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quilting point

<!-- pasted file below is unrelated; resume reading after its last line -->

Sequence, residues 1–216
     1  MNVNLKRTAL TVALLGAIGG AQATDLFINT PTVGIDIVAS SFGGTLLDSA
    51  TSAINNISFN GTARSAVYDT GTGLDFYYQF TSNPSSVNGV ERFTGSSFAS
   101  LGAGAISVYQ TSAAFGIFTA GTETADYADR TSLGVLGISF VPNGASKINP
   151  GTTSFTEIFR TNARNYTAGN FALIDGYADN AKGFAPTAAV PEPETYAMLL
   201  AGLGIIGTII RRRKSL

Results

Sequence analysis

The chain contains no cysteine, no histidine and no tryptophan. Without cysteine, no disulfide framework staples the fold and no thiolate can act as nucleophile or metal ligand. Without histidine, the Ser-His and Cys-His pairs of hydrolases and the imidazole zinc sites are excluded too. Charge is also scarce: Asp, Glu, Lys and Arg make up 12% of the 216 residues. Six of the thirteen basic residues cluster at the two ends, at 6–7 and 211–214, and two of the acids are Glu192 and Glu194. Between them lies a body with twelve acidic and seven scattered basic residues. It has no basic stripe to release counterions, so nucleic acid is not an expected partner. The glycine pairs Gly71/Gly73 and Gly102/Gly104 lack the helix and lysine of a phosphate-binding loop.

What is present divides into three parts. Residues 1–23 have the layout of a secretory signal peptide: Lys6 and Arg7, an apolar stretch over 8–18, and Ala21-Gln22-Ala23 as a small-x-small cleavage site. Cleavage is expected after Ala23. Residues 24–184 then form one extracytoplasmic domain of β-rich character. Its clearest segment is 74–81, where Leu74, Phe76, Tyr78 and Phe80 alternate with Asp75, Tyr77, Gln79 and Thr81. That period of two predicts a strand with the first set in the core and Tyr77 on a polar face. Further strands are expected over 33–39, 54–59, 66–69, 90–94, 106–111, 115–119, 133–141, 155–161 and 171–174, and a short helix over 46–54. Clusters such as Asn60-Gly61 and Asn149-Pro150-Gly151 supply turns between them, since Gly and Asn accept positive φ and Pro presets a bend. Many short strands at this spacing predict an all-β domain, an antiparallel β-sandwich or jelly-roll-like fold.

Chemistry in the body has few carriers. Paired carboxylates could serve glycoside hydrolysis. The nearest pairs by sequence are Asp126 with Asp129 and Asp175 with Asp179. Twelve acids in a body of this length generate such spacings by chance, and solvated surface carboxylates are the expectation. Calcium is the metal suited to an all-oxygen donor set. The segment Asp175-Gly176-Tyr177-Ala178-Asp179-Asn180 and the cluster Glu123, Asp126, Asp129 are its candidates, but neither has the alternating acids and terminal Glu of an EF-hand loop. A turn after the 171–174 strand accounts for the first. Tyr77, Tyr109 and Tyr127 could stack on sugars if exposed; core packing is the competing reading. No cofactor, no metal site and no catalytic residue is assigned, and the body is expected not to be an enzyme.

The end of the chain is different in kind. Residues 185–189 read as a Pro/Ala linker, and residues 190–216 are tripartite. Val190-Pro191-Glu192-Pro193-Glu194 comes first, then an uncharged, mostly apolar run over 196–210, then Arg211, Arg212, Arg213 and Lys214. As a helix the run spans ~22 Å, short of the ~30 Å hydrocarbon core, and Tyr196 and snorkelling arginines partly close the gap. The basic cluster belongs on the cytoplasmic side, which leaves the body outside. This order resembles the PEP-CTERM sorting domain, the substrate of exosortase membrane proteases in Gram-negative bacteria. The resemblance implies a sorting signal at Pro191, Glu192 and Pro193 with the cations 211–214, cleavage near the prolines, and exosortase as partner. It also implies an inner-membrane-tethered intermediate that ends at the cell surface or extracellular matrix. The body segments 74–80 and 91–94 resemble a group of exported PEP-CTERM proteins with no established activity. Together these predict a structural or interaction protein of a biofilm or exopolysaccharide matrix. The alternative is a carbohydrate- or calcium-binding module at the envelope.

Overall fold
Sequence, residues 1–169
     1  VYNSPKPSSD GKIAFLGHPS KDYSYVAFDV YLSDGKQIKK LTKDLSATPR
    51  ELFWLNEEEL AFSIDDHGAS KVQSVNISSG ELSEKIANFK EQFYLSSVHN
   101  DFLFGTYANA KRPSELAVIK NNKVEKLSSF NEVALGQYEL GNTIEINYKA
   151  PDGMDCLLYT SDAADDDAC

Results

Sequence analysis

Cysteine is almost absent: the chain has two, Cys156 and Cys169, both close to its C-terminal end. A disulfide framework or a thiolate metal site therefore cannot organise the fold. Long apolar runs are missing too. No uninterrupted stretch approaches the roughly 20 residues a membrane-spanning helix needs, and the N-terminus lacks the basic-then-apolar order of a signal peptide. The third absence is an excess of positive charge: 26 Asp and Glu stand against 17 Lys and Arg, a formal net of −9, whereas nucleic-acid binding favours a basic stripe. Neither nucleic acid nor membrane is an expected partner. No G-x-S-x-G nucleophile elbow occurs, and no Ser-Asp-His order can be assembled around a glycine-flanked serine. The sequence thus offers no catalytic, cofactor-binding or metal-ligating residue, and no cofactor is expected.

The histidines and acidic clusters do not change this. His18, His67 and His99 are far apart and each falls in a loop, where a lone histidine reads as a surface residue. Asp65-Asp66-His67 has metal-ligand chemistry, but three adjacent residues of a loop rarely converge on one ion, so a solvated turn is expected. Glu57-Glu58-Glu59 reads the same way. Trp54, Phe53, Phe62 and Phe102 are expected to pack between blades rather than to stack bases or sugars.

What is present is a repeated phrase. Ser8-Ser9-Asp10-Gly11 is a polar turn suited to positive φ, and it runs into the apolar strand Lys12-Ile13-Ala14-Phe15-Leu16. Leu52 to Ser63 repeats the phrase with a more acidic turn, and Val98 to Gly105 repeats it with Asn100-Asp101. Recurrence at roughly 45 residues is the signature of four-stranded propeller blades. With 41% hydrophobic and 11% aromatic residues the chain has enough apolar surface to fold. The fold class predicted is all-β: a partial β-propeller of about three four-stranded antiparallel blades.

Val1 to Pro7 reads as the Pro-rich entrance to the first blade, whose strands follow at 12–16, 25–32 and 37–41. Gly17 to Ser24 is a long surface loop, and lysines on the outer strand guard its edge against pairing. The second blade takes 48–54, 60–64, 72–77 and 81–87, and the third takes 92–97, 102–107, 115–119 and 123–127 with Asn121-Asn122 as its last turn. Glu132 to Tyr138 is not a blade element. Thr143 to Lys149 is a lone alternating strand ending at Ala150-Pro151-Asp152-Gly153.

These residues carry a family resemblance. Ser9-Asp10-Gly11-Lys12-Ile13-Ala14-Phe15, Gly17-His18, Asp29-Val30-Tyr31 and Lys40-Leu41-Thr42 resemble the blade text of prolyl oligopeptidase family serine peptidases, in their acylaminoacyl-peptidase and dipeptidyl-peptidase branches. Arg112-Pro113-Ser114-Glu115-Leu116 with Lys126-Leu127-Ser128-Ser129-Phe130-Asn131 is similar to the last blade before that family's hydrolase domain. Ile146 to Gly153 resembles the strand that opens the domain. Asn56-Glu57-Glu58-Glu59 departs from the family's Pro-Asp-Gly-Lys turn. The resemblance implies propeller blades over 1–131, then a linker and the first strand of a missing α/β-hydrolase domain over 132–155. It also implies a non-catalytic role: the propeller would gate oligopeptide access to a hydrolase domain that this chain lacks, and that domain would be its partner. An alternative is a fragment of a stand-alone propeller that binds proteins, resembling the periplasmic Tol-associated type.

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A term introduced by Jacques Lacan to define the points along a signifying chain where the signifier is attached to the signified, at least momentarily. The term is taken from upholstery and refers to the attachment of buttons. A certain number of these quilting points are necessary to the ‘normal’ subject—their absence is in fact a symptom of psychosis. Without such quilting points the subject would be incapable of navigating their everyday life because they would be constantly questioning the meaning of every sign they encountered, from the most mundane to the very elaborate.


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